By Maria Saporta
MARTA picked St. Patrick’s Day to start trying out an all-electric bus.
The bus is manufactured Proterra, a Silicon Valley company with its manufacturing base in Greenville, S.C. It has a nominal range of about 60 miles, but it has a “fast charge” capability of 10 minutes or less.
“Right now, this is a demonstration,” said Michael Hennessy, regional sales director for Proterra in Greenville. “We will be here for the next 30 days. We have brought in a portable fast-charger for the demonstration.”
Keith Parker, MARTA’s general manager and CEO, said the transit agency is looking to have a variety of buses in its fleet – from compressed natural gas, diesel, double-decker buses and electric.
“We promised a while back that this would no longer be a one size fits all company,” said Parker, who said MARTA also is planning to add more smaller buses to its fleet. “We are just getting on a new commitment to sustainability.”
The Proterra bus that reporters were able to ride on Friday is more than 40 feet long, seats 50 people and has standing room for another 37.
The batteries are located between the wheel wells. Because it is made from composite materials, it weighs between 3,000 and 4,000 pounds less than a conventional bus, which means less wear and tear on the roads.
Hennessy said the cost of the all-electric bus is about 20 to 30 percent more, but it will save $400,000 and $500,000 in operating costs over its 12 to 15 year lifespan. Electric buses have fewer moving parts, so there is less maintenance costs. The rest of the savings come from having no fuel expenses.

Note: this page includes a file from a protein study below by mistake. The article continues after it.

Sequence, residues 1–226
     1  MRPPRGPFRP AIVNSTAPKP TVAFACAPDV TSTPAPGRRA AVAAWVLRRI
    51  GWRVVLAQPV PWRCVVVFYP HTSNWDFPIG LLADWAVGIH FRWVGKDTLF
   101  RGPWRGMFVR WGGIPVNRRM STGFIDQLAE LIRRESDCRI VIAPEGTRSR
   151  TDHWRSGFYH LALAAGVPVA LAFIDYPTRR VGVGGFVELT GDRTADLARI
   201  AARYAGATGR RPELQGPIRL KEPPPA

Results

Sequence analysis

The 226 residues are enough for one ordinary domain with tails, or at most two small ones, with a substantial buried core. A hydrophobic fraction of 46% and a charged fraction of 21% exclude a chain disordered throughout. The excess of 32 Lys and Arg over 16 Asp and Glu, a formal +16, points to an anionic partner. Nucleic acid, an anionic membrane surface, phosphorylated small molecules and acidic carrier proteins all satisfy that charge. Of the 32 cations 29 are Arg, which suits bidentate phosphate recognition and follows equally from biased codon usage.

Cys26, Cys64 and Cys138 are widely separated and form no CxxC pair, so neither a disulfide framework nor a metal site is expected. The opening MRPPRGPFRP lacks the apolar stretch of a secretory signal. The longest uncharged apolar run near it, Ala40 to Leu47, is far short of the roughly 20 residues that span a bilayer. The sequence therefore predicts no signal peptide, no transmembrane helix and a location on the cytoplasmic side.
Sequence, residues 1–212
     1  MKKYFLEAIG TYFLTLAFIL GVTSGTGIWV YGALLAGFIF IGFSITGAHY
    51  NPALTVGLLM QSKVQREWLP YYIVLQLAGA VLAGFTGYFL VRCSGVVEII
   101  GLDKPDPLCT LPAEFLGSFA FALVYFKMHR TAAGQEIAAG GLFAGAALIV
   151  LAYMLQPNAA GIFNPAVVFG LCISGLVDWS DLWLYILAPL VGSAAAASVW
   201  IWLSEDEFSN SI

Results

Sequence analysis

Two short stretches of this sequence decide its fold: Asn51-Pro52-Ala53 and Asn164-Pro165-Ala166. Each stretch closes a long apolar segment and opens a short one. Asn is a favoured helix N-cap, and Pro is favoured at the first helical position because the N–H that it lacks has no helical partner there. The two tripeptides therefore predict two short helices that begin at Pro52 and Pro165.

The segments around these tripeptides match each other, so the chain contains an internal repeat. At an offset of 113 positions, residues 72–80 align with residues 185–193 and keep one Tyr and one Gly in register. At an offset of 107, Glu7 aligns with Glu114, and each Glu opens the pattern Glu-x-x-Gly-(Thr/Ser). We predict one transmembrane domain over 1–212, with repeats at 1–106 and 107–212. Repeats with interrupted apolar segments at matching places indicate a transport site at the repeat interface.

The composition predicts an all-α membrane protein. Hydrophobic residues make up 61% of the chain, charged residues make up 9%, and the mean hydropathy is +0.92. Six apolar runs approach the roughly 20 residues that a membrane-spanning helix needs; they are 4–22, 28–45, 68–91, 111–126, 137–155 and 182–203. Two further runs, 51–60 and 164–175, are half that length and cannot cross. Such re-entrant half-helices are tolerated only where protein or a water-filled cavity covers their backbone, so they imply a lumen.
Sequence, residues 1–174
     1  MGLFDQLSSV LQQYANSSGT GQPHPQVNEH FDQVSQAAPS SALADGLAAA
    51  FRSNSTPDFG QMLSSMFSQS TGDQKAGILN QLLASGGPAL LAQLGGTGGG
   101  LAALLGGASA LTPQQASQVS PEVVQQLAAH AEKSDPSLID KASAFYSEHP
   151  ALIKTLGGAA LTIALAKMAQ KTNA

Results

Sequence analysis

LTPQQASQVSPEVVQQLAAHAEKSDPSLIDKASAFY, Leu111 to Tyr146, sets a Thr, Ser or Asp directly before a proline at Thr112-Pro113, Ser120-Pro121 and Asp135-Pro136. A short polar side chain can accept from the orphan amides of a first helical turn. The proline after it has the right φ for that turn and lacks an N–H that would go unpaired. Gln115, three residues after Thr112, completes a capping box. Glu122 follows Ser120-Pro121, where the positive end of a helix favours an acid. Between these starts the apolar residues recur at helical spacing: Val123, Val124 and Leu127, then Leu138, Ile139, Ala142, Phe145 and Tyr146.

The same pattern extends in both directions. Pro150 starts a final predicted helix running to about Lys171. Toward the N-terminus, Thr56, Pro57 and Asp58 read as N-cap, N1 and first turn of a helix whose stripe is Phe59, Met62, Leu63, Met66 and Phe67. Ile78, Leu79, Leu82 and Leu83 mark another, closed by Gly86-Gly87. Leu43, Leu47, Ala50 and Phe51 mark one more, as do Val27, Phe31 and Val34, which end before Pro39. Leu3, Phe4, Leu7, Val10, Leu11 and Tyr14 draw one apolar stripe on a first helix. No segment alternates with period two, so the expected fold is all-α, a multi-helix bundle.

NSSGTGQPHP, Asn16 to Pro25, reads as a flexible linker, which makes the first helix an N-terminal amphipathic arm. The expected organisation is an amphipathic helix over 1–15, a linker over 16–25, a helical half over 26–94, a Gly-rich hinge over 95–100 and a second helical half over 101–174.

A major appeal for electric buses – especially in urban areas – is that they have zero emissions, Hennessy said. Also, because the battery and the engine are underneath the bus, there is a rear window, a feature few modern buses have.
“It’s more stable than a conventional bus,” Hennessy said because it has most of the weight at the bottom. Also Hennessy said it has a “300 horsepower motor, which allows us to climb hills.”
Parker was especially impressed by how quiet the bus was when it was parked next to MARTA’s headquarters with the motor running.
“We are actually taking a new look at what we want the new fleet to be,” Parker said, adding it was likely electric buses would become part of its fleet. He said they would be particularly appropriate to use electric buses on routes that serve college campuses.
The cost of one of Proterra’s electric buses can be as high as $800,000, but Parker said the cost of traditional buses have been increasing, and now they cost about $600,000 apiece.
“Electric buses cost more upfront,” Parker said. “But they have a lot fewer moving parts so they will be cheaper for us to maintain than a typical diesel.”
Parker said most buses have a 12- to 15-year lifespan, and because of the recent vote to increase MARTA’s sales tax by a half penny in the City of Atlanta, the transit agency will be able to continue modernizing its fleet.
Although Parker has had experience with Proterra when he was running the transit agency in San Antonio, he said any procurement of new buses “will be competitive.”
To that Hennessy said that Proterra was one of the first to manufacture electric buses, so it has a great deal of experience.
“Every single manufacturer of buses has an electric bus (as part of its offerings),” Hennessy said. “And that’s good for everybody.”